A Guide to Equine Feeding and Maintenance

Minerals

A lack of minerals can cause growth deficiency in foals and brittle and broken bones in adult horses

Minerals and trace elements are inorganic elements, which are irreplaceable construction materials for a horse’s bones and connective tissue. They also help the body perform essential functions. A balanced diet of minerals and trace elements is important as they work in tandem. A deficiency or surplus of one mineral harms the absorption and use or another.

The main minerals for horses are Calcium, phosphorus, magnesium, sodium chloride, potassium and sulphur. They help maintain bone density and health and the performance of muscles and the nervous system as well as maintain the growth of the hooves and coat.
Necessary trace elements are iron, zinc, copper, selenium, iodine and cobalt. These elements improve the absorption of nutrients, maintain the metabolism and joints tissue of a horse and help the horse’s red blood cells transport oxygen to the muscles.

The amount of trace elements required depends on the horse’s age, breed, weight, climate and laboriousness of its chores. Sufficient trace elements in a diet is especially important for horses that experience high levels of stress, such as show horses, race horses, horses in transit and during illness.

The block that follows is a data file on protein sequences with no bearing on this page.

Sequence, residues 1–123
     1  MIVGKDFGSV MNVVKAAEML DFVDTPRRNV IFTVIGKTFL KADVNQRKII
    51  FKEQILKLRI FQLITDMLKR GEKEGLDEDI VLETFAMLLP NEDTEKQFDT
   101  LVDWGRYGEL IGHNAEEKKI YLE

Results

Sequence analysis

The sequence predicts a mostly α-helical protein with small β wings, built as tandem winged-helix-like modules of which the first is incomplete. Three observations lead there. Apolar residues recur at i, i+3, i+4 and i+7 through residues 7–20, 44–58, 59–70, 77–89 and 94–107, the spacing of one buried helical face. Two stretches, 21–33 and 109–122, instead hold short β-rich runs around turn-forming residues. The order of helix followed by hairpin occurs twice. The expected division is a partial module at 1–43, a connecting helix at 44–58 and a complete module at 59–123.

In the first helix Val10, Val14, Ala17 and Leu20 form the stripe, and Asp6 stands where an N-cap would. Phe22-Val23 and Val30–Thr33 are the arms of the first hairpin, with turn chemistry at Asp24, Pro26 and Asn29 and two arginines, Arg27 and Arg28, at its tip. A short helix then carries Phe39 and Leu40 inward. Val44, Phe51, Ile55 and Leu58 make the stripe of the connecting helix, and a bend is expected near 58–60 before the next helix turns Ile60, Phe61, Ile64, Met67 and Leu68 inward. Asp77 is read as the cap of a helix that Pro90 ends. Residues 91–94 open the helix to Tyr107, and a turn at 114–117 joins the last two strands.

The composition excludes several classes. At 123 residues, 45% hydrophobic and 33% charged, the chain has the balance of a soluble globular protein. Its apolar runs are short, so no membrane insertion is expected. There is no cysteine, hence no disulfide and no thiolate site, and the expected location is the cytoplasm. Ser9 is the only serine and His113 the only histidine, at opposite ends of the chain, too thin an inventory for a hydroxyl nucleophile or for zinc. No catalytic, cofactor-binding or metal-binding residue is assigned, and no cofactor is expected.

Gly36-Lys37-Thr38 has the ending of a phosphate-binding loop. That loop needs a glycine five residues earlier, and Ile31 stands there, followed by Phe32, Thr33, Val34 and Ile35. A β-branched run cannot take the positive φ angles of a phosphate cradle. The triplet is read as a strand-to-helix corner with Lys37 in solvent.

Salt is a necessary supplement and it can be added to the diet through a salt lick on the pasture or by offering salt in a separate container. A horse cannot regulate its own need of salt, so its consumption must be monitored. The amount of salt consumed increases when a horse sweats. Constant drinking and urinating are usually signs of excessive salinity.

The most important ratio in a horse’s diet for strong muscles and bones is the ratio of Calcium to phosphorus (Ca:P). As a general rule the ratio of Ca:P should be between 1,2:1 and 2:1 depending on the age and usage of the horse. Growing foals and feeding mares require more calcium. Diets where the ratio of phosphorus to calcium (P:Ca) exceeds 1:1 parity can lead to issues in the bone structure, especially for growing foals.

Adult horses around 1,4:1

Growing foals 1,8:1

Feeding mares 1,6:1

See Hoofs minerals and trace elements here

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